Old Shoes

When I was little, I wasn't very good at keeping my room clean. When it got so bad that my mom would tell me to "make a path" before bed so she wouldn't trip over books and toys when saying goodnight to me, I would meet the "three piles"- keep, give away, throw away. 

I didn't like the second or third piles very much. 

The system worked like this: my mom would hold something, like a book or stuffed animal, and ask me "keep, give, or throw away?", and I would tell her what I wanted to do with it. Occasionally, there would be a few things that I didn't feel any sort of attachment to anymore, and they were usually donated. However, usually I much rather preferred to keep my books, my stuffed animals, and my dolls. 

I haven't changed much since. Of course, I'm far more willing to give, and about twice a year I look over my belongings and decide what I do and don't use and donate what I'm not attached to anymore, but for things that hold sentimental value? They stay with me for as long as possible.

Take my old gray shoes as an example. I have had these shoes for about a year and a half now and have worn them almost every day since I got them. I wore them around England and Scotland, I wore them on many school trips and events, and I wore them when I started at a new school.  To put it plainly, I have formed quite an attachment to these shoes purely because of the memories I made while wearing them. So when the hole by my right pinky toe got so noticeable that you could see my red elephant socks, I knew that my mom was right. I needed new shoes. It wasn't that I was against the idea of new shoes, or that I thought it would be a waste to get them, I simply didn't want to let go of the memories attached to my old gray ones. The thing is, though, the memories don't disappear when the shoes do. In fact, my new pair of shoes are just that- new. They've made room for new memories, new experiences, and new adventures. I am still an incredibly sentimental person, I'm just a sentimental person with purple shoes instead of gray ones.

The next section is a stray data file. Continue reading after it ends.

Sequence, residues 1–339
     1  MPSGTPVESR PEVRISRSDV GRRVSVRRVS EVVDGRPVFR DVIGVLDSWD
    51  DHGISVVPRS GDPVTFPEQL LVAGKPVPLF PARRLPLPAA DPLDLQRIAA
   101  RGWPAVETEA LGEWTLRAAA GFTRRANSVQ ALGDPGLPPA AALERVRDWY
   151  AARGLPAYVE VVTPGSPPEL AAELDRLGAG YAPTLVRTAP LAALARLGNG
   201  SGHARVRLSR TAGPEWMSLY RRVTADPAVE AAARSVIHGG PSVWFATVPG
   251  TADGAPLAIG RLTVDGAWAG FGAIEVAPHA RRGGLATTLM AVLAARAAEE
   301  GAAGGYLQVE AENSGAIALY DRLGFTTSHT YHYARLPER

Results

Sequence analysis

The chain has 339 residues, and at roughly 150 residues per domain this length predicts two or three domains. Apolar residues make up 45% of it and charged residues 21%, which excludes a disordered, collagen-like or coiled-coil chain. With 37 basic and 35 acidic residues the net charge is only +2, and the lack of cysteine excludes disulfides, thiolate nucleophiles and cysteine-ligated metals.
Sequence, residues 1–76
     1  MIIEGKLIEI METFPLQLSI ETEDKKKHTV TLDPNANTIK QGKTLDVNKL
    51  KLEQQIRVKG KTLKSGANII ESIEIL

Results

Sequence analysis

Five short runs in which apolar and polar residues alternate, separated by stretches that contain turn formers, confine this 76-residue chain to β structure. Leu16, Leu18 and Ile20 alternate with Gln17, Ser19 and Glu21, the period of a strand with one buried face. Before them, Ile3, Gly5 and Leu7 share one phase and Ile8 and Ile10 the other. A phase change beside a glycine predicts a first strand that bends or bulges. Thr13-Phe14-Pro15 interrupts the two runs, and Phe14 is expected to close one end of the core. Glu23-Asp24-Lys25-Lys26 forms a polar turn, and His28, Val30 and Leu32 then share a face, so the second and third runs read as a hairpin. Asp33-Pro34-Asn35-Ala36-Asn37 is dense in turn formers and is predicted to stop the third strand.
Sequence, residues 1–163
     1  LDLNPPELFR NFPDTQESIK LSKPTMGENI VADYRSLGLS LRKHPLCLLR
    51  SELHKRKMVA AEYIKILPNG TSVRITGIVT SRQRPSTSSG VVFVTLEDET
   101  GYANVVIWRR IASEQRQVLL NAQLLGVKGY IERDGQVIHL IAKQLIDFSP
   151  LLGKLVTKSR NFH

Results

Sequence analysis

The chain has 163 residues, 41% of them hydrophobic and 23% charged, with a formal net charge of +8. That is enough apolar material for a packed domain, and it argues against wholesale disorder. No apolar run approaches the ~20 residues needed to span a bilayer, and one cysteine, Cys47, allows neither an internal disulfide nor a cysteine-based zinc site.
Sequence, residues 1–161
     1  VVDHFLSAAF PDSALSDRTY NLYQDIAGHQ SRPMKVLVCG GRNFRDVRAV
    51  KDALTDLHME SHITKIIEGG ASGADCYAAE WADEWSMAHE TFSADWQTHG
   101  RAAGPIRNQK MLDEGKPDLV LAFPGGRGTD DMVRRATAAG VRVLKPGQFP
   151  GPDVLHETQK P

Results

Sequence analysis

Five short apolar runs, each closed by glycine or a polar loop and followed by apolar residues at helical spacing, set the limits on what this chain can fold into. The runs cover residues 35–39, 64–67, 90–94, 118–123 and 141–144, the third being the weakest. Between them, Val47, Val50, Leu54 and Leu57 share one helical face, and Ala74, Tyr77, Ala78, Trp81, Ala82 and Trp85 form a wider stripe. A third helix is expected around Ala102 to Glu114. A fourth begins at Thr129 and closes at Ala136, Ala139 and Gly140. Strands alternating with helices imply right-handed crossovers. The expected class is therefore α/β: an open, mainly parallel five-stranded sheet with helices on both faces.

Change isn't easy for anyone, and in many cases, it comes with feelings of loss. Whether you're moving or starting something new, change feels like a loss of the familiar. But sometimes the unfamiliar isn't a bad thing. Just like the purple shoes, it makes room for new memories, experiences, and adventures. It gives you a chance to become something different or expand on who you already are. It can fix the holes and clean the dirt and make you feel new and fresh. Sure, it's still scary and you need to break yourself in a little bit, but eventually, you'll look back on when everything was scary and different and realize that the blister is gone. You're comfortable and happy where and who you are.